Roman Catholicism: A Saint for the U.S.

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Italy, at last count, had 40,000 native-born saints recognized by the Roman Catholic Church. The U.S., the nation with the world's second largest Catholic population (after Brazil), has none,* but one is in the making. This week in Rome, following Vatican approval of two miracles attributed to her intervention with God—one a medically inexplicable cure of cancer, the other a recovery from leukemia—Elizabeth Ann Bayley Seton, founder of the American branch of the worldwide order known as the Daughters of Charity, was enrolled among the beatified of the church. Attending the formal ceremonies at St. Peter's were more than 3,000 American pilgrims, including Cardinals Spellman and Ritter and 15-year-old Anne O'Neill of Baltimore, whose leukemia cure is attributed to prayers to Mother Seton.

From Fashion to Faith. Elizabeth Seton was born in 1774 to the Bayley family of pre-Revolutionary New York. Her father was a doctor, and her family was related to some of the great Dutch pioneer families—the Roosevelts and the Van Cortlandts; Alexander Hamilton and John Jay were close family friends. Raised as an Episcopalian, pretty Betty Bayley was a gay, open girl who loved dances and parties. At 19, she married William Magee Seton. heir to a New York mercantile fortune, in the biggest social event of the 1794 season. The Rt. Rev. Samuel Provoost, first Protestant Episcopal Bishop of New York, officiated at the ceremony.

The Setons settled down in a fashionable home near the Battery. But by the turn of the century, William Seton's fortune had collapsed, and so had his health. On their doctor's advice, they went to Italy in 1803, where Seton hoped to recoup his health and financial losses. There he died, leaving Betty Seton. at 29, a nearly penniless widow with five children.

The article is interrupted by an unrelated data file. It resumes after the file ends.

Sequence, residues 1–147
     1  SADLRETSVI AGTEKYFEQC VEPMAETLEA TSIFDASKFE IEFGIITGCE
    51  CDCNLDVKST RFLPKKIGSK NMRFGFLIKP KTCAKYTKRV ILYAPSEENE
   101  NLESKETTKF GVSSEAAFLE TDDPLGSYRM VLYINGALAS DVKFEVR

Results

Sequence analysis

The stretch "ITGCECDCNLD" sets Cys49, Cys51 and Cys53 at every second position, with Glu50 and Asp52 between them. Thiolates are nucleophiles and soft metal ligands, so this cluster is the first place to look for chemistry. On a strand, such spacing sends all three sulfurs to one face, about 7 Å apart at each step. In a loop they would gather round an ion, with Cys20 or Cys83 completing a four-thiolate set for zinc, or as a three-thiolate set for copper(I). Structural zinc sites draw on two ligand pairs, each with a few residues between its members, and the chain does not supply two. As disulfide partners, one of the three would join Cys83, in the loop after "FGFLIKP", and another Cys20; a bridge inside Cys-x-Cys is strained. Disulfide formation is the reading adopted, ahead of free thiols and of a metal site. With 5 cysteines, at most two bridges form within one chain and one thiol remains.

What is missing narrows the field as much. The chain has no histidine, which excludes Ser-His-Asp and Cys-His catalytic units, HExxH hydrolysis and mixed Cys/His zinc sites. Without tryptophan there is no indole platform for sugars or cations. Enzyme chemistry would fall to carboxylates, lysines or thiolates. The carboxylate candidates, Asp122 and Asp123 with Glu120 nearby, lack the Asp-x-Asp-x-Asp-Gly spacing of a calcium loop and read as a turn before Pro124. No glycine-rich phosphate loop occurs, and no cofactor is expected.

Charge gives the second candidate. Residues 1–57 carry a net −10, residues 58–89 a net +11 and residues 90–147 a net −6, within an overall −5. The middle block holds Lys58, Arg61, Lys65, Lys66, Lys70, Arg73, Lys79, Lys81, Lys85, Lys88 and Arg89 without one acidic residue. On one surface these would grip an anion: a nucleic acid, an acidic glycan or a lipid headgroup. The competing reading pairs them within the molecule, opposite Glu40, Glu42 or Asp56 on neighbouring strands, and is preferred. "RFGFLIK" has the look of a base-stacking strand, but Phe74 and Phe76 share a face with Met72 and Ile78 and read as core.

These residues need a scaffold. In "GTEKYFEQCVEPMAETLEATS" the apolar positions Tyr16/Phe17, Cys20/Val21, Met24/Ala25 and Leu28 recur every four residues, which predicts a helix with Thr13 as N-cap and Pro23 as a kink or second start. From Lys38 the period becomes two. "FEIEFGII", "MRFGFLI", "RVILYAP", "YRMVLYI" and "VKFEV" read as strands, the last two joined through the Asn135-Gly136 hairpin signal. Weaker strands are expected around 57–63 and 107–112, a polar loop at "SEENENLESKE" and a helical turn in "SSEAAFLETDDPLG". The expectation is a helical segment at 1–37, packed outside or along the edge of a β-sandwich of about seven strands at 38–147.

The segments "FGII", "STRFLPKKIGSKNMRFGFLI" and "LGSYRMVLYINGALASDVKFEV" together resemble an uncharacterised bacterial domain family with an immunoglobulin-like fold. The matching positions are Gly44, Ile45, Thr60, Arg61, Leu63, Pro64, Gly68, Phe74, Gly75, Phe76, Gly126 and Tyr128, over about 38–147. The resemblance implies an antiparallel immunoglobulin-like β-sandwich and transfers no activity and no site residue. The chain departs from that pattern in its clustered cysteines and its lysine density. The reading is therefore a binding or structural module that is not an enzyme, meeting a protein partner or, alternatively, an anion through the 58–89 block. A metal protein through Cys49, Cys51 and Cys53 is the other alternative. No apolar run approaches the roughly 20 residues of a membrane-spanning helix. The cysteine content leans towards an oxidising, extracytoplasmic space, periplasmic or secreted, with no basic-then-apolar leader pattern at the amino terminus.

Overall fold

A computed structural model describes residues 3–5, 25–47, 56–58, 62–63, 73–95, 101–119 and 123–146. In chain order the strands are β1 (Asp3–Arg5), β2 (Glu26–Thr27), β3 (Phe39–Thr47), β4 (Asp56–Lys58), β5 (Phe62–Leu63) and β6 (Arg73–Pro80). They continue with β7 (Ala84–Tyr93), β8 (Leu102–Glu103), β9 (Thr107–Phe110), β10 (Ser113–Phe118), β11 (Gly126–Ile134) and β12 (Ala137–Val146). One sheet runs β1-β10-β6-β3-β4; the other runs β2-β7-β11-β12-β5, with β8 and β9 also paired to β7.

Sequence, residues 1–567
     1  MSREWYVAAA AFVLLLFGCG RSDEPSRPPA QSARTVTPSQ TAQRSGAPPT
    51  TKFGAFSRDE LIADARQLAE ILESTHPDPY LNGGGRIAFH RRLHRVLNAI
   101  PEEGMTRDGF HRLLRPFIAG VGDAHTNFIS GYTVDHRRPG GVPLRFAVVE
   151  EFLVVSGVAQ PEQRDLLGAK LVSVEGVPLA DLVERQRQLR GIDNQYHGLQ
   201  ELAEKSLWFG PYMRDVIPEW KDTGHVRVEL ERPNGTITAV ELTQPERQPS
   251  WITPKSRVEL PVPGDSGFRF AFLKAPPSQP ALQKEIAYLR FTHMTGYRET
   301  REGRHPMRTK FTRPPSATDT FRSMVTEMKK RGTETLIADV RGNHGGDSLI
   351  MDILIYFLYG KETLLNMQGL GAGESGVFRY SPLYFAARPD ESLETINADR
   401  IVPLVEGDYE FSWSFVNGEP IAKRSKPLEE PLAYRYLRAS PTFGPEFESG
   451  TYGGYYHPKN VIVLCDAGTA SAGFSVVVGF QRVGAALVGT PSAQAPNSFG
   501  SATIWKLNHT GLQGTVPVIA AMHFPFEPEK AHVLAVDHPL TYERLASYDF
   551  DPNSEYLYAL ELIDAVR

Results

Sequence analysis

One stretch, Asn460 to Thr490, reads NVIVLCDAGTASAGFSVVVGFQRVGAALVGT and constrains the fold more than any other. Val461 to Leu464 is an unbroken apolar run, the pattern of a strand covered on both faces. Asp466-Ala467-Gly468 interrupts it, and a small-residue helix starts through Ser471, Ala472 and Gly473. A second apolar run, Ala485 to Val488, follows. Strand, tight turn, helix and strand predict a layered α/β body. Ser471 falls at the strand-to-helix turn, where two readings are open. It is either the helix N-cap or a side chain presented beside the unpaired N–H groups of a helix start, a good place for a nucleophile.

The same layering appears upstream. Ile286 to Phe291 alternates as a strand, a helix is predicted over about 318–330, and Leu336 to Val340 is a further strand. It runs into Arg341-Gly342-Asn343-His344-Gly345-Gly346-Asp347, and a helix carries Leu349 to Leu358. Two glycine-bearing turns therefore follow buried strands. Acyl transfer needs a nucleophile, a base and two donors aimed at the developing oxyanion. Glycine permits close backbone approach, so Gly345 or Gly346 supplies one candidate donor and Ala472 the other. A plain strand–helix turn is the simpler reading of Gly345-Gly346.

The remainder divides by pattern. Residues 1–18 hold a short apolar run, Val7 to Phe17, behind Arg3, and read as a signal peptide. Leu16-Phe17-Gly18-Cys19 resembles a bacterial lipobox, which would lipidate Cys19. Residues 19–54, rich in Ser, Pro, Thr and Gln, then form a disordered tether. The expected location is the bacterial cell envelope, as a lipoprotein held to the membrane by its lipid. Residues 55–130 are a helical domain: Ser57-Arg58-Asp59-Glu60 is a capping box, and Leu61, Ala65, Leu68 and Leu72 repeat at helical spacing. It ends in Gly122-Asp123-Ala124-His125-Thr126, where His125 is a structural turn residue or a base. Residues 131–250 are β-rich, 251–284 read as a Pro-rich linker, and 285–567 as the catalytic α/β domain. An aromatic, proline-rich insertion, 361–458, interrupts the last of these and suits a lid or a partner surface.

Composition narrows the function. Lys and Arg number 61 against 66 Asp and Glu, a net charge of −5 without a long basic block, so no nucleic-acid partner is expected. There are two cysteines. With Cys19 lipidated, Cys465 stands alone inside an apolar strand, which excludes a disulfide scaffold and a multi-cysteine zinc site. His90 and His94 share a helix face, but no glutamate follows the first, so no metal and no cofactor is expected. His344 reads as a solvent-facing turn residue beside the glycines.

Italian friends introduced her to Catholicism; she formally converted to the faith in 1805 after her return to New York, and found that this apostasy shut society's doors to her. In desperation, she opened a boardinghouse for schoolboys in New York, and when that faltered, a girls' school in the more Catholic city of Baltimore. In 1809, she formed a religious community of women at Emmitsburg,, Md. There she started what was, in effect, the first Catholic parochial school in the U.S. By the time she died, of tuberculosis, in 1821, her tiny order had expanded to ten houses. In 1850, it united with the Daughters of Charity, founded by France's St. Vincent de Paul.

God or a Cup of Coffee. Busy, bird-like Mother Seton was a woman both stern and sentimental. As a girl, she was wildly eclectic in her spiritual life, combining deep faith in the Episcopal Church with love for such scandalous deists as Voltaire and Rousseau. Tough when she had to be. Mother Seton fought priestly superiors who crossed her path, alternately teased and bullyragged her two sons. When one of her nuns failed to receive Communion because she had broken her fast with a cup of coffee. Mother Seton showed little sympathy. "Ah, my dear," she said, "how could you sell your God for a miserable cup of coffee?''

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